When it comes to fights during the fourth season, I think it's very safe to say that none were more discussed than the one between Oberyn Martell and Gregor Clegane in the episode named after them, "The Mountain and the Viper." Pedro Pascal helped make Oberyn an instant fan favorite among fans of the show; here was a man who was not only charismatic and charming, but he also was a major monkeywrench in the plans of the Lannisters, who were seemingly unopposed at the start of the fourth season. He was a man with a very specific path of vengeance in mind and he sliced his way through a lot of King's Landing's intrigue in order to get to the truth. In the end it was Tyrion and Cersei who ultimately gave him his chance to get some answers, with Tyrion's demand of a trial by combat and Cersei's choice of the Mountain as champion. There was so much hinging on this fight: Oberyn's answers, Tyrion's life and, it could be the argued, the very welfare of House Lannister as a whole. Alex Graves impressively chose to shoot this in wide angles, rather than try and go for the crutch of quick-cut action. This let us see Oberyn's athleticism and the Mountain's strength. And like many of Game of Thrones' fights, it was more than just action; it was character development. We learn so much out of the course of this battle, not the least of which is the truth about the Mountain's crimes against Oberyn's family. Nothing is done here solely because it's cool; it all plays into character choice, right down to Oberyn's need for answers causing his own death. It's going to be very hard for the show to ever top this particular battle in terms of not only quality, but overall impact on the series.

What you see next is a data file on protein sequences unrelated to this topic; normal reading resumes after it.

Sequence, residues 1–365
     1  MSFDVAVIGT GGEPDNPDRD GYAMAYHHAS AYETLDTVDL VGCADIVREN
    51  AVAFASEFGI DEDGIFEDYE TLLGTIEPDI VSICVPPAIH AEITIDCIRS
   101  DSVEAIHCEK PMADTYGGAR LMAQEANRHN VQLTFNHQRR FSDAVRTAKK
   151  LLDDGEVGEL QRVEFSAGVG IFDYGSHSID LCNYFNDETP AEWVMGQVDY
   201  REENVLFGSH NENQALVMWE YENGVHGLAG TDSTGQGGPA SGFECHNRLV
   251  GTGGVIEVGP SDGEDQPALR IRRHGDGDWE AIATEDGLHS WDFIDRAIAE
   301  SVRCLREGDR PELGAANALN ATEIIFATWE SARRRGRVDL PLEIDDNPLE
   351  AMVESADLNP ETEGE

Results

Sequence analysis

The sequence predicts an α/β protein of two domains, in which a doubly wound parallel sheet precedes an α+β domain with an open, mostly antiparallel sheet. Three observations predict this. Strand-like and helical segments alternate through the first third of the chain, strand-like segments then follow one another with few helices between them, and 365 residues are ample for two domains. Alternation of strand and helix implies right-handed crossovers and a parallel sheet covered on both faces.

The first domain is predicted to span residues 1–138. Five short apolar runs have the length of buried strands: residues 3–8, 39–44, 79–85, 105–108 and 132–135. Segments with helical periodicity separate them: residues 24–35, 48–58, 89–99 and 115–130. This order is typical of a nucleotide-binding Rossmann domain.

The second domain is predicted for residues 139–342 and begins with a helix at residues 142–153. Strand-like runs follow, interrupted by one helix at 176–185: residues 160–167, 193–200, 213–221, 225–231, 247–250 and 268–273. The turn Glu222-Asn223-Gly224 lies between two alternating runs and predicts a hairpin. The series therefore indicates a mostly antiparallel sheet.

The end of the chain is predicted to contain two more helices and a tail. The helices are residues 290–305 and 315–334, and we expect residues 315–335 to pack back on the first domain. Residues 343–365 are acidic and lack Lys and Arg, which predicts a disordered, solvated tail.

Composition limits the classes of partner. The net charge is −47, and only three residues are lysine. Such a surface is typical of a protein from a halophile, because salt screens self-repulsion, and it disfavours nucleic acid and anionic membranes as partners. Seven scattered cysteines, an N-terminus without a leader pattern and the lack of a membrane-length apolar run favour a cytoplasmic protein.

#2: Tyrion Explodes at His Trial